An amendment that would allow political parties to receive additional state funding for their own democracy education NGOs is continuing to generate controversy, with reactions ranging from the gently cautionary to accusations that democracy is being snuffed out.
The amendment to the Political Parties Act – currently in draft stage – could provide up to 800,000 euros of funding to such NGOs for the stated purpose of educating the public on democracy.
Only the affiliates of the political parties represented in Parliament would be eligible for such funding under the amendment. Since the number of parties who crossed the 5 percent threshold for being represented in Parliament is four, the amount would come to 200,000 euros per party.
Along with criticism from parties such as the Greens, who are not in Parliament, perhaps the most weighty opposition to the idea has come from the largest third sector umbrella organization, the Union of Non-Profit Associations and Foundations, which has over 4,000 members.
Chairman Urmo Kübar said the association is planning to send a letter to parties and Parliament calling the plan “dishonest” and urging them to fund the NGOs from existing funds.
“This is not a case of a generally open opportunity but of creating an ideal world for themselves,” said Urmo Kübar on ETV. “If the parties only wanted to, they would have plenty of funds to deal with spreading their worldview and analyzing it,” he added.
Policy expert Iivi Masso said on ERR radio that in itself such party NGOs are a normal part of democracy, but stressed that other parts of the third sector must remain strong.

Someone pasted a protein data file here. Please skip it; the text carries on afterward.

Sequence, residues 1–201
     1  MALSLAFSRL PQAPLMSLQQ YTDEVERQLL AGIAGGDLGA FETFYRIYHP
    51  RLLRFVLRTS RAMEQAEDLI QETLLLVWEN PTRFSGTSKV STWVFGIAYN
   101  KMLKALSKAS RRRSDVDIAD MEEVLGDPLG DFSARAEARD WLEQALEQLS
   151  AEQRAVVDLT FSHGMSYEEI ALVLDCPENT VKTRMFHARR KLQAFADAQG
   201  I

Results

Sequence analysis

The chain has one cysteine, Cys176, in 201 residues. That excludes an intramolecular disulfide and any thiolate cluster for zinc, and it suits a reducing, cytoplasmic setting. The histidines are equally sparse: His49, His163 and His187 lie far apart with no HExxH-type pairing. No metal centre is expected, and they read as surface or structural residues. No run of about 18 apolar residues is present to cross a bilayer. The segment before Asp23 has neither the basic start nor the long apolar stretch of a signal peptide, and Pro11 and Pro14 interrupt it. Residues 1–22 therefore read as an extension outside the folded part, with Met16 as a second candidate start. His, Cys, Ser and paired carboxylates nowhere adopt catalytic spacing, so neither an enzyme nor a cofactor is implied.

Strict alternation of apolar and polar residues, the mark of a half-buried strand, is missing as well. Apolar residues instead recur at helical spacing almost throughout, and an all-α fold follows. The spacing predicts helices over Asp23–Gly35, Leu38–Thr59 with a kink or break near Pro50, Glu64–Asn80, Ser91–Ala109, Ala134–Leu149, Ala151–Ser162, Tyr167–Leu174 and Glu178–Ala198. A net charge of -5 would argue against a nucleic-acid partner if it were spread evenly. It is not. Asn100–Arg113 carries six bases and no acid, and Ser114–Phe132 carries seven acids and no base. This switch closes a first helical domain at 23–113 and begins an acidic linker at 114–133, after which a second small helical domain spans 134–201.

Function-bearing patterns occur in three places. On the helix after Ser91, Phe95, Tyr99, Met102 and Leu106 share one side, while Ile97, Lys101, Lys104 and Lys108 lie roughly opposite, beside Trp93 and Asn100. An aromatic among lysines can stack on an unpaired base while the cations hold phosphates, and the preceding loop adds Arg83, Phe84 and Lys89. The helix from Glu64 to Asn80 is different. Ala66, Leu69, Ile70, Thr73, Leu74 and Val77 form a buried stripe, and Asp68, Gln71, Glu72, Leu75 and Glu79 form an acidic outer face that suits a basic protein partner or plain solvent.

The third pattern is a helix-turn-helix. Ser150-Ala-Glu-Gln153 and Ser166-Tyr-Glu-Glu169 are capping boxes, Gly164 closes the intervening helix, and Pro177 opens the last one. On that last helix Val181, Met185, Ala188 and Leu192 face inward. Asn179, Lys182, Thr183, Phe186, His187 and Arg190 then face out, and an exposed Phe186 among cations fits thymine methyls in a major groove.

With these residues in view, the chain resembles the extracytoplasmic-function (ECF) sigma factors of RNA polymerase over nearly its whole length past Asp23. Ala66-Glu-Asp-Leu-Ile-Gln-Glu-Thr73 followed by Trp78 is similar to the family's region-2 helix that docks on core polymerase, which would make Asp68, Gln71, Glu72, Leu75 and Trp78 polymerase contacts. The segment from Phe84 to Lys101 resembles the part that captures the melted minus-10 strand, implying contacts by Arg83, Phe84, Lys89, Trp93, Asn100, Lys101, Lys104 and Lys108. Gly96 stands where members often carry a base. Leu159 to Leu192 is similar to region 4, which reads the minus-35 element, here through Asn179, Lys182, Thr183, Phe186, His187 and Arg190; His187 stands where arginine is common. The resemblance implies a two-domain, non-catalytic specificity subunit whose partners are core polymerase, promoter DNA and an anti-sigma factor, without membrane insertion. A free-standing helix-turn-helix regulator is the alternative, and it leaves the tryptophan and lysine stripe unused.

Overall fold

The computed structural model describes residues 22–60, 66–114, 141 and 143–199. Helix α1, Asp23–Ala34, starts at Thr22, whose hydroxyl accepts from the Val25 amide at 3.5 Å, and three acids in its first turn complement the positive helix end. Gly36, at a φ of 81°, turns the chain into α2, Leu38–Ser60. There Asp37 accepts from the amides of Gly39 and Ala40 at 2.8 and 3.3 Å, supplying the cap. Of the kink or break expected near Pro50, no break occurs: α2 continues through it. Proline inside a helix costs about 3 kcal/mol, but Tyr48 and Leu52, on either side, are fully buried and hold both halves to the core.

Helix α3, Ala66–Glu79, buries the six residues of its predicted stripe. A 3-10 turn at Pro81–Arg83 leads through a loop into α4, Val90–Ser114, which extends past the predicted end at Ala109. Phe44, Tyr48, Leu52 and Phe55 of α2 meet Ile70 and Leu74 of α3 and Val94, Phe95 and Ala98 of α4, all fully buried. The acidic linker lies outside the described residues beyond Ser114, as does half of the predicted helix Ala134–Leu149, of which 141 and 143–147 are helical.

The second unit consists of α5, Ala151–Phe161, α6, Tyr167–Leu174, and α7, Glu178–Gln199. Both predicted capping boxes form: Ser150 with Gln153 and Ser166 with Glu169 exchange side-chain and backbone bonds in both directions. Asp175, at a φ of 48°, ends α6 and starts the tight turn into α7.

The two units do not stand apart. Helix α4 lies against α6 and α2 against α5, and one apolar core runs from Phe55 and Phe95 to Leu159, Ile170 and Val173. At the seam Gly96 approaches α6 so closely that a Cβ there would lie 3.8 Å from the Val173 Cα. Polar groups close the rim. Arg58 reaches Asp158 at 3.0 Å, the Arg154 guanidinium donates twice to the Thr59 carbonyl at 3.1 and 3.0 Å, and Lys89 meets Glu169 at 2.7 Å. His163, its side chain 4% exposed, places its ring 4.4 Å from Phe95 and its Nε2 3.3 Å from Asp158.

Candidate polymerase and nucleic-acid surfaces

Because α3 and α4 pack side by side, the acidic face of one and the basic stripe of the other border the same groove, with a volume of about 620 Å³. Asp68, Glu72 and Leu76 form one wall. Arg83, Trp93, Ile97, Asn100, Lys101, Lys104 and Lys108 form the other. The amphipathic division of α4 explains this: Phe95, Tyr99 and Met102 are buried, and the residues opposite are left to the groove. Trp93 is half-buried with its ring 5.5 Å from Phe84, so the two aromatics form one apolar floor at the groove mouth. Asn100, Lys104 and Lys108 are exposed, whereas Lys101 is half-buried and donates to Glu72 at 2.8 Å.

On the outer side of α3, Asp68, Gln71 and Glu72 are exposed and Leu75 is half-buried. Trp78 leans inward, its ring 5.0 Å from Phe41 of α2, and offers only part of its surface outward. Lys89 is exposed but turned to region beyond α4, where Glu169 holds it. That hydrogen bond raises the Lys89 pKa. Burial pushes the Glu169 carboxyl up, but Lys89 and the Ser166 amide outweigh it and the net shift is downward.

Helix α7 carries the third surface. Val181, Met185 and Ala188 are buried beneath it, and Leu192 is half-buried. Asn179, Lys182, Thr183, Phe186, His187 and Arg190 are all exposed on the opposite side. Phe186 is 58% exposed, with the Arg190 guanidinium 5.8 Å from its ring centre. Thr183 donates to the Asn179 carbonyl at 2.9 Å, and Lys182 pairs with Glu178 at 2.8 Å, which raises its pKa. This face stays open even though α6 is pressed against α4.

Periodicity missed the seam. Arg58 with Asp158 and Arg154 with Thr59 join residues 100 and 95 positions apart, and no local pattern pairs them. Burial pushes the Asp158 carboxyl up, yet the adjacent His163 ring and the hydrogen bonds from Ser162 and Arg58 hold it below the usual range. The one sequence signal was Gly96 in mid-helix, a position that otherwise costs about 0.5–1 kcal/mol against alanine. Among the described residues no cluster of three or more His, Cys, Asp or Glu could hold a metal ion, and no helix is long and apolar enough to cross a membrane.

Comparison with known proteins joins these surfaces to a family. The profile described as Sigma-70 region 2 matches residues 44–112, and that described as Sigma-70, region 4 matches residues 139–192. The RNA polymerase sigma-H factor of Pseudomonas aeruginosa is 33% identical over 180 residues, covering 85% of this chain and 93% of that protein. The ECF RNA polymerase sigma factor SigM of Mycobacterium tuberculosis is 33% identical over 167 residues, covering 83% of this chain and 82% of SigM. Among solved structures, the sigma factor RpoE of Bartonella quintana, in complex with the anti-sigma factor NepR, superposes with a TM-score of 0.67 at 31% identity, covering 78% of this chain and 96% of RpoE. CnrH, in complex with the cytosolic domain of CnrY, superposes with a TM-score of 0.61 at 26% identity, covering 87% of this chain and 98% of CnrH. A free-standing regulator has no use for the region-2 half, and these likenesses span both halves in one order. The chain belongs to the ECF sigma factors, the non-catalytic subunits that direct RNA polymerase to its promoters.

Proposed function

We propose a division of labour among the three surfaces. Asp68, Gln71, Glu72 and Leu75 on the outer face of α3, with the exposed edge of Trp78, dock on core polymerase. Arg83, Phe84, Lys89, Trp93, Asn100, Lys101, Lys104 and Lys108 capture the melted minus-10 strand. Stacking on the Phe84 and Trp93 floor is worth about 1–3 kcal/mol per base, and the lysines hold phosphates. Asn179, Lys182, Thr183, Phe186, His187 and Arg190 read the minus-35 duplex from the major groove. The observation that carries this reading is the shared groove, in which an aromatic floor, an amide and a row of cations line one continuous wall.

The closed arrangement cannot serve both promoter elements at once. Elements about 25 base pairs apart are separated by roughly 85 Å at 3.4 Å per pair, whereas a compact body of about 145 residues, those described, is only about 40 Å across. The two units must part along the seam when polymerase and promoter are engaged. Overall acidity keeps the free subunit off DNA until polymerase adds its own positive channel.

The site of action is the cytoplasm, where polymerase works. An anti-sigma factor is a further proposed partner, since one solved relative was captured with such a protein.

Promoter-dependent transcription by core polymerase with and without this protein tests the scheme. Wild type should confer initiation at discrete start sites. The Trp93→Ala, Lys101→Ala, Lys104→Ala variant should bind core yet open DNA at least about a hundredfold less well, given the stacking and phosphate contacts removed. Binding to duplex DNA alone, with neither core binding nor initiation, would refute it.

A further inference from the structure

Another policy expert, Ain Aaviksoo of the Praxis centre, took issue with the manner in which the amendment was introduced. He attributed the idea behind the think tanks to the need for inactive politicians to keep their irons in the political fire, as it were. “This is useful for democracy but what bothers me is that they do not dare talk about it openly and they are trying to accomplish this in a strange way,” he said on ETV.
Other commentators sounded a more sinister note, with the Greens’ Marek Strandberg pronouncing the name of the potential “democracy development foundations” to be “Orwellian.”
And Tõnu Viik, a professor of philosophy at Tallinn University argued that Estonia has in the last ten years ceased to be a democracy but rather turned into a republic controlled by “cartels” of parties who use “Bolshevist tactics.”
“Parties do not represent the will of the people nor do they spread on the crest of spontaneous popular movements, even though they try to leave such an impression. Rather their top levels create decisions and orchestrate and manage popular movements that would appear to ‘support’ them,” he wrote in Postimees.
The bill is currently awaiting review by the Parliament’s Constitutional Committee